That’s a remarkable direct quote from Sir John Anderson, who of course was appointed Commissioner of the Hawke’s Bay DHB in a purely political maneuver by the last Government’s Health Minister.

Helllooo, Sir John. Rationing health care, and ensuring its quality — in a system where health care is largely provided by the state via taxpayer dollars — is about as fundamentally political as it gets! Oh, and we did elect certain DHB Board members, an action that — in some quaint circles — implies that they have a constituency to whom they are accountable.

The context of the comment was just as remarkable. He was discussing a new “Media Relations” policy adopted by the Governance Board at its meeting yesterday.

The basic thrust of the policy is warn DHB board members and staff that they had better not talk to the media without media staff clearance, upon penalty of torture. OK, that’s a bit of exaggeration … it’s more like “disciplinary action” and the threat of personal legal liability.

To be sure, there are legitimate reasons to want the media to hear stuff from the most authoritative sources available, and certainly with respect to patient information, privacy rights must be respected.

But the muzzling policy adopted yesterday is pre-Gutenberg press in mentality. It could have been written by lawyers for the CIA. It’s all about trying to manage the flow of information … an almost always counter-productive exercise, and today a meaningless concept anyway, given the blurred lines between journalists and inquiring citizens who have ready access to mass communication tools.

Here are some of my favourite strictures …

  • The Communications Service “should be consulted before any HBDHB Personnel approach or respond to the media.” (“Can I put you on hold? Before I admit that our performance on _____ sucks, I need to check with my minder.”)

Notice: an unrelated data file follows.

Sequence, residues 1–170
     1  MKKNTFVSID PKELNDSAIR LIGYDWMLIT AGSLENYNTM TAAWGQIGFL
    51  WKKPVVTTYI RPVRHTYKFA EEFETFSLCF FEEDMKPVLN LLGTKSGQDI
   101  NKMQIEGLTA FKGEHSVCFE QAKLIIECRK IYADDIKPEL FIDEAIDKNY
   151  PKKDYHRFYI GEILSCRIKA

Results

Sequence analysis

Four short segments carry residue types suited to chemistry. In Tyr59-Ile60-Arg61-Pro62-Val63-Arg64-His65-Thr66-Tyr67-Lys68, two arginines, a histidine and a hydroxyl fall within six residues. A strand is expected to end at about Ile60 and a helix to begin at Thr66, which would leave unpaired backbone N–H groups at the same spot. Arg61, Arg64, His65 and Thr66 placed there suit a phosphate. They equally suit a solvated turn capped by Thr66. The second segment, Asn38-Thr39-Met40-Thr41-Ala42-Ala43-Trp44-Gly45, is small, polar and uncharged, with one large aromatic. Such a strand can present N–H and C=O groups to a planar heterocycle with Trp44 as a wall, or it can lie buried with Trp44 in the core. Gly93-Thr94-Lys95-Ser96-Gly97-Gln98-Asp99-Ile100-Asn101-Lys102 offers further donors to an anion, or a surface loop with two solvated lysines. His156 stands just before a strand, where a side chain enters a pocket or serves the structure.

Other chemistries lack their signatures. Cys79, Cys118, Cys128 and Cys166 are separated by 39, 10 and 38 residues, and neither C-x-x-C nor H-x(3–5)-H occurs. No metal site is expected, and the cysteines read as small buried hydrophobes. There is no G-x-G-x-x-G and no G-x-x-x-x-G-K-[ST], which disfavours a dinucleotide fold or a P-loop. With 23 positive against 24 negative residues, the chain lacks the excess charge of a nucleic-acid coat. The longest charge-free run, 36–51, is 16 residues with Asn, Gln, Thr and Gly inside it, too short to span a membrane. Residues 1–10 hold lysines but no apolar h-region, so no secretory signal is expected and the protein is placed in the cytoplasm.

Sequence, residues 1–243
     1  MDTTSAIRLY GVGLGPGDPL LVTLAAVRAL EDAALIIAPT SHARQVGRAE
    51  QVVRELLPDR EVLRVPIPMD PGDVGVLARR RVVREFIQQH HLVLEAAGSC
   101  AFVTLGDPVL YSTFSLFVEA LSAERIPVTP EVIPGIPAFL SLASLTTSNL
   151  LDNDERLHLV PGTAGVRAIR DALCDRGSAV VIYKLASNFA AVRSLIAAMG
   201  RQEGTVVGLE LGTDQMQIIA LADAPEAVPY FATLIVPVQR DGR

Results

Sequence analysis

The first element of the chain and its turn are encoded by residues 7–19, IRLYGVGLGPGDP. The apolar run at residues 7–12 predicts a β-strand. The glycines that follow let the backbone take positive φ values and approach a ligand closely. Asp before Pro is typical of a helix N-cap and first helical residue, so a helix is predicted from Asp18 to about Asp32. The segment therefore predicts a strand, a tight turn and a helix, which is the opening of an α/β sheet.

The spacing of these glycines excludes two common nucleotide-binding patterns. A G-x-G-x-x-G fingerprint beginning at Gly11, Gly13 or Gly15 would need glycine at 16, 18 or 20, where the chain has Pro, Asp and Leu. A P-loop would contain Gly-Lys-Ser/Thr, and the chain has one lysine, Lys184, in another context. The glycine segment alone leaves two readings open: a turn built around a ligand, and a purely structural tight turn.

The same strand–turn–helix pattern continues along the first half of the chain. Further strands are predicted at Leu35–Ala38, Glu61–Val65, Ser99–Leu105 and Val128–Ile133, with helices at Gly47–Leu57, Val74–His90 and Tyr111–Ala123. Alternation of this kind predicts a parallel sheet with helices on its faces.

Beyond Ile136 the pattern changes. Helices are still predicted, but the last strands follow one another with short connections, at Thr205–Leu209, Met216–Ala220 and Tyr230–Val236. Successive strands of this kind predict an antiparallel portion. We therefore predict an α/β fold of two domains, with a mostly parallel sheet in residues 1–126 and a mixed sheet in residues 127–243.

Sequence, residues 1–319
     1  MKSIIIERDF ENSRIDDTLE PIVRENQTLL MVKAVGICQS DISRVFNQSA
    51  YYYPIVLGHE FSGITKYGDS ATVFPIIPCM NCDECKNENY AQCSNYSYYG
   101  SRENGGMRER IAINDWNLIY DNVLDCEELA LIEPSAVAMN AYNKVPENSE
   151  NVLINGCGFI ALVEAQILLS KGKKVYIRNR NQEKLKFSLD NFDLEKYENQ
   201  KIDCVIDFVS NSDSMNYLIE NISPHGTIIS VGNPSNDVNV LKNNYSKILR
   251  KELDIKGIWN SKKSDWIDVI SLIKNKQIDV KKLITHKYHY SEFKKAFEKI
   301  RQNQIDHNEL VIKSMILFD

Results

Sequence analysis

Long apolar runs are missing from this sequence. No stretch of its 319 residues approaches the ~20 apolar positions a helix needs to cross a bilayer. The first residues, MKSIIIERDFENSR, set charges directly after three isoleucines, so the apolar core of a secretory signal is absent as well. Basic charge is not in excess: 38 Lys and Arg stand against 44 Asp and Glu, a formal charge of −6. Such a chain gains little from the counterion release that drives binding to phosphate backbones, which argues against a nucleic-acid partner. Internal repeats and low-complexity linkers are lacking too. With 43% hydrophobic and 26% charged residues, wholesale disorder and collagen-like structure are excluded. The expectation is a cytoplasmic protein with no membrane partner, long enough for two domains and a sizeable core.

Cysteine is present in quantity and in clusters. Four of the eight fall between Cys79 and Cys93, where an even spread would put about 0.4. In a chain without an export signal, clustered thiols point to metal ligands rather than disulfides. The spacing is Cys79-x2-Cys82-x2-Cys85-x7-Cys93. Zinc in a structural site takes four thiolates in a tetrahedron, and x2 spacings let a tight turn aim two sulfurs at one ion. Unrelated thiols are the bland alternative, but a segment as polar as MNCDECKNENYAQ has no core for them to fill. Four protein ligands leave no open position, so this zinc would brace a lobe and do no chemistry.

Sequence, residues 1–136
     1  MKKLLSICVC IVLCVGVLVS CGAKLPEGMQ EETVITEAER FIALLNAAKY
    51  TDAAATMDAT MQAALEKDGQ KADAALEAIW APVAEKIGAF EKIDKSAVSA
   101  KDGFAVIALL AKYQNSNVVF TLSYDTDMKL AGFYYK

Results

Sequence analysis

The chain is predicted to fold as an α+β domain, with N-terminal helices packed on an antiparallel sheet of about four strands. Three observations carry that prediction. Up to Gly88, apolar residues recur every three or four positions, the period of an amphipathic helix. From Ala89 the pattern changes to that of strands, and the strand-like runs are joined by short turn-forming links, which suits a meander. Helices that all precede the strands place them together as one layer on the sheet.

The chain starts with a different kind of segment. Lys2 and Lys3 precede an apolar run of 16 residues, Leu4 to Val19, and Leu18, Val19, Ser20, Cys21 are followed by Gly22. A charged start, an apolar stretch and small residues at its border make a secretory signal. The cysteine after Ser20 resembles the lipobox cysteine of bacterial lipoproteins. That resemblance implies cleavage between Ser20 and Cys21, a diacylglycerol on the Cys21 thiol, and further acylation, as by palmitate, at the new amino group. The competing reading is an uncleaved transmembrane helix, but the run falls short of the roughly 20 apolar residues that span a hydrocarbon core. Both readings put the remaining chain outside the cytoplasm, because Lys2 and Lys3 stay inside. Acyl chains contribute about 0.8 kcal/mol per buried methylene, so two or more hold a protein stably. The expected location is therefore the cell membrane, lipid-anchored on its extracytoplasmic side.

• “Any contact by the media with HBDHB Personnel who do not have delegated spokespeople authority must be directed immediately to HBDHB’s Communications Service.” (An accompanying chart indicates who can speak on which issues.)
  • “Where verbal statements or information are required, they can only be authorised by the Chief Executive Officer or divisional managers, in consultation with the Communications Service.” (Huh? The CEO tells elected Board members what they can say?!)
  • “This policy covers public speaking where media may be present.” (I suppose this means reporters are to identify themselves at all times by wearing hats topped with miniature TV antennae, easily visible above the heads in the crowd.)

Note that “Personnel” as used in this policy document includes elected Board members. What nonsense!

Kevin Atkinson, noting that elected Board members actually went out in public in Hawke’s Bay on occasion, asked if it was permissable for elected Board members to comment on health issues at community gatherings. Sir John — after some virtually inaudible words that included “anarchy” — relented and instructed staff to prepare what will doubtless become known as the “Rotary Club dispensation.”

Personally, disguised with false moustache and glasses, I plan to sneak up on Board members in the supermarket and surprise them with trick questions, like …

  • “Do you think Napier really needs a health clinic?”
  • “Why do you think the DHB’s deficit this year, after a year of proper supervision by Sir John, will be $6.5 million?”
  • “Do you really think woodburners pose a threat to human health?”

When I catch them responding, and record these violations surreptitiously with my cellphone-cum-video camera, I’ll be sure to report them to the DHB media police.

One can only hope that this policy expires coincident with the term of Sir John.

Tom Belford

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